Basic Facts about the Public Service Loan Forgiveness Program
The federal government’s Public Service Loan Forgiveness Program, which began in 2007, is a program that forgives federal student loans of borrowers with a full-time eligible job (above 30 hours a week) and has completed 120 eligible in-full and on-time payments within 10 years. Qualifying student loan repayment plans that the loan payments can be made under include Standard Repayment, Income-based Repayment (IBR), Pay As You Earn Repayment (PAYE), Revised Pay As You Earn (REPAYE), and Income-contingent Repayment (ICR).
For most borrowers, an income-based repayment plan is preferable because it allows them to minimize their monthly student loan repayment, and at the same time have a bigger part of their loan forgiven. On the other hand, it is assumed by the Standard Repaymetn plan that all student loans will be paid off over a span of 10 years. Thus, if you are enrolled in this plan, there would be no loans to forgive by the end of the repayment period.
Student Loans that May Be Forgiven
Under the Public Service Loan Forgiveness, only two types of student loans are eligible – Direct Loans and Federal Direct Consolidation Loans.
Federal Direct Unsubsidized and Federal Direct Subsidized Stafford/Direct Loans, Federal Direct PLUS Loans, and Federal Direct Consolidation Loans are the four types of Eligible Direct Loans.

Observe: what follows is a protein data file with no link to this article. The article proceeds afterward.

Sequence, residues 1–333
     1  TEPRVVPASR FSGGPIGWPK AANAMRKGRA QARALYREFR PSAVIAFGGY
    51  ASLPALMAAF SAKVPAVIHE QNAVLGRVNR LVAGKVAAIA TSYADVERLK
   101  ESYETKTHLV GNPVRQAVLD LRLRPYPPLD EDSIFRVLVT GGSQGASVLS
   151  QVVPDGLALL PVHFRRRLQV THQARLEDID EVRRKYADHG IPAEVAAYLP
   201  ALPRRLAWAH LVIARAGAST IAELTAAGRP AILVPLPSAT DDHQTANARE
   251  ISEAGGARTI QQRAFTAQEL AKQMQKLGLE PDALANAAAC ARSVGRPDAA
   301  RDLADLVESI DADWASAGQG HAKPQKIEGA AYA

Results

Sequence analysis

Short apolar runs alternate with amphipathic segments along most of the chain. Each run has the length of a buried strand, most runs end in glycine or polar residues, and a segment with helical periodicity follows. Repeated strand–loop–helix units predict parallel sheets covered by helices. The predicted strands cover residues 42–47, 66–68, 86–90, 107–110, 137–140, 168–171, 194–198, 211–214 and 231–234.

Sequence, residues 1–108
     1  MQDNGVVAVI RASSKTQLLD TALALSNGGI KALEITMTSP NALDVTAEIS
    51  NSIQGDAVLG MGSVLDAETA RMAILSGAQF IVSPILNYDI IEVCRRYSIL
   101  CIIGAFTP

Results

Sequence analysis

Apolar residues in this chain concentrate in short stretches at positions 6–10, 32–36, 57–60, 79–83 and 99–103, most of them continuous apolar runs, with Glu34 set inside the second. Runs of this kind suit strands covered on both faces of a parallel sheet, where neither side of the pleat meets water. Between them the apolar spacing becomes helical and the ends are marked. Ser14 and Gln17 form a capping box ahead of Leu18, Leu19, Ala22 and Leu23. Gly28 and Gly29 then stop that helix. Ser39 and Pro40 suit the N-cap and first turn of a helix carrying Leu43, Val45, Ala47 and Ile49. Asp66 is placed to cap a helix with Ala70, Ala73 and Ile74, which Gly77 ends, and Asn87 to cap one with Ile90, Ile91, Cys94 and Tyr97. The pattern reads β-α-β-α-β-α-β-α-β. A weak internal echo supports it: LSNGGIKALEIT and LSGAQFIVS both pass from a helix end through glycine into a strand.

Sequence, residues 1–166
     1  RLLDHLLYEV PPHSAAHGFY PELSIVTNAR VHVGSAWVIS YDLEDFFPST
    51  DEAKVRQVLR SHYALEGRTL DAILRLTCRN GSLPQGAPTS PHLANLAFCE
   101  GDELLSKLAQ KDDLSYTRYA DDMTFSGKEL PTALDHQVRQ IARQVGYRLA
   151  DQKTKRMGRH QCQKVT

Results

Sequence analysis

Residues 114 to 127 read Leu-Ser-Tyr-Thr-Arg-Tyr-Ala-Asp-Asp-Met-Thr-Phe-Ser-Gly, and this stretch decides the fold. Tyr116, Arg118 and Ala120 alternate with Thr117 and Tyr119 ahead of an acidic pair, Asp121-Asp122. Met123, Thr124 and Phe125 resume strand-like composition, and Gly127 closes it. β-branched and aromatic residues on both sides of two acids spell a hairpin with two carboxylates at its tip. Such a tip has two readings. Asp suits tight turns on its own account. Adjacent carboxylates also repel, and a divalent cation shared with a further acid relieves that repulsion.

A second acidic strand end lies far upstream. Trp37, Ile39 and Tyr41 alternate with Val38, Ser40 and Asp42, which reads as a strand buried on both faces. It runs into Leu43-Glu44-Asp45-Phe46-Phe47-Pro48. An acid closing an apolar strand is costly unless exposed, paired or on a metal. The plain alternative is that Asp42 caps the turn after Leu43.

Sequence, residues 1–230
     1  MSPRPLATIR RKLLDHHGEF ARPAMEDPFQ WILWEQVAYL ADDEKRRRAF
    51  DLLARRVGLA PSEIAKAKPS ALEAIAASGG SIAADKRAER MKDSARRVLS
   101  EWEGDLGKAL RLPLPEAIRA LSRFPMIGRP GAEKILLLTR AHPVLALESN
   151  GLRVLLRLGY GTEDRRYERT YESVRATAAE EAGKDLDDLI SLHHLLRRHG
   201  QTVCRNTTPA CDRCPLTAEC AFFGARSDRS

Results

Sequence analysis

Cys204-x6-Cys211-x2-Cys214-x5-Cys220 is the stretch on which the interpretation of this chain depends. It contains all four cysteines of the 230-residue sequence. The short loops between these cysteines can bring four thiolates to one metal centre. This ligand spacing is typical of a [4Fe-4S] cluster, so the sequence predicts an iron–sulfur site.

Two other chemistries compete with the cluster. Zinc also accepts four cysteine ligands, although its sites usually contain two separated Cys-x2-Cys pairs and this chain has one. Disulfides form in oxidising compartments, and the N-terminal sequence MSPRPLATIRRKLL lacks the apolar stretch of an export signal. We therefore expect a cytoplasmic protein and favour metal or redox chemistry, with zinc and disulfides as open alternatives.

Student Loans Not Eligible for Forgiveness
Private Student Loans, Federal Perkins Loans and Federal Family Education Loans (FEEL) are the three types of student loans that will not be eligible under the Public Service Loan Forgiveness Program. However, there are some exceptions to this rule.
Direct Loans & Private Loans
>> If you have a Private Loan as well as a Direct Loan, the Direct portion can be forgiven.
Federal Perkins & FFEL
Consolidating these two loans make them eligible, but only payment made to your Consolidation Loan will be considered part of your 120 payments. All payments made prior to consolidation do not count.
Applying for Public Service Loan Forgiveness
To apply, you have to submit a Public Service Loan Forgiveness Application after you have made 120 qualifying monthly payments. Meanwhile (though not necessary), submit the Public Service Loan Forgiveness Employment Certification Form every year or every time you get a new job so you can keep track of your progress in terms of meeting eligibility requirements. This form establishes each year that you have met all employment requirements for the program.
Then you can proceed to submitting the form and employer’s certification to the Department of Education’s FedLoan Servicing. FedLoan Servicing will inform you whether or not you’re eligible, as well as tell you how many payments youv’e made based on their records, and how any more you have to make in order to be eligible for loan forgiveness.